....his painting Succulus is very evocative for me of the figures, draped clothing, and sky on the ceiling of the Sistine Chapel, yet I can’t actually recognize any of that in the picture.


Aldous Huxley, in The Doors of Perception, describes the appearance of the world as modified by mescaline: “Visual perceptions are greatly intensified and the eye recovers some of the perceptual innocence of childhood, when the sensum was not immediately and automatically subordinated to the concept.”

a living flame

Loves's valley is the next, and here desire
Will plunge the pilgrim into seas of fire,
Until his very being is en-flamed
And those whom fire rejects turn back ashamed.
The lover is a man who flares and burns,
Whose face is fevered, who in frenzy yearns,
Who knows no prudence, who will gladly send
A hundred worlds toward their blazing end,
Who knows of neither faith nor blasphemy,
Who has no time for doubt or certainty,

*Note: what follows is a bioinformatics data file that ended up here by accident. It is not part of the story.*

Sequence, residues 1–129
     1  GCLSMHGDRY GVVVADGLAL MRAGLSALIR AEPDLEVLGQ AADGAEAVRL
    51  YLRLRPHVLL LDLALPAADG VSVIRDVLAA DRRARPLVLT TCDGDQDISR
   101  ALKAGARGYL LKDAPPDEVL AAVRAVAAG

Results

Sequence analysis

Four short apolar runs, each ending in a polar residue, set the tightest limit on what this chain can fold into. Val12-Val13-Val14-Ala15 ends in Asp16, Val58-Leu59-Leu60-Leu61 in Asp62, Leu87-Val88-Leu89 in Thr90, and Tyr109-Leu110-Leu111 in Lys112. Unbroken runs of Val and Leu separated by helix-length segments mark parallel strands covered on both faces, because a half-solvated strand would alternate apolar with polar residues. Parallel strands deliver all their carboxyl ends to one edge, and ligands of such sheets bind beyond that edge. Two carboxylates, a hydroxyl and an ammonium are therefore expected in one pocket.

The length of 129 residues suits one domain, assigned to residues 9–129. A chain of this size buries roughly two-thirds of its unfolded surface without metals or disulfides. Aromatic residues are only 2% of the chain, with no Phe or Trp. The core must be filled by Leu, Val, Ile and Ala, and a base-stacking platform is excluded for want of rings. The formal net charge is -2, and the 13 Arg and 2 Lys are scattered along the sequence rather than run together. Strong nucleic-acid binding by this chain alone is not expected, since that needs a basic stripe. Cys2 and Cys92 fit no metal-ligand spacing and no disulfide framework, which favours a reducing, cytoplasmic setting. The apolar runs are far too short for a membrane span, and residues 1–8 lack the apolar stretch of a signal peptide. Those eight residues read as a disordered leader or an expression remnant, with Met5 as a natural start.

To whom both good and evil are the same,
And who is neither, but a living flame.
But you! Lukewarm in all you say or do,
Backsliding, weak - oh no, this is not you!
True lovers give up everything they own
To steal one moment with the Friend alone -
They make no vague, procrastinating vow,
But risk their livelihood and risk it now.
Until their hearts are burned, how can they flee
From their desire's incessant misery?
They are the falcon when it flies distressed
In circles, searching for its absent nest -
They are the fish cast up upon the land
That seeks the sea and shudders on the sand.
Love here is fire; its thick smoke clouds the head -
When love has come the intellect has fled;
It cannot tutor love, and all its care
Supplies no remedy for love's despair.
If you could seek the unseen you would find
Love's home, which is not reason or the mind,
And love's intoxication tumbles down
The world's designs for glory and renown -
If you could penetrate their passing show
And see the world's wild atoms, you would know
That reason's eyes will never glimpse one spark
Of shining love to mitigate the dark.
Love leads whoever starts along our Way;
The noblest bow to love and must obey -
But you, unwilling both to love and tread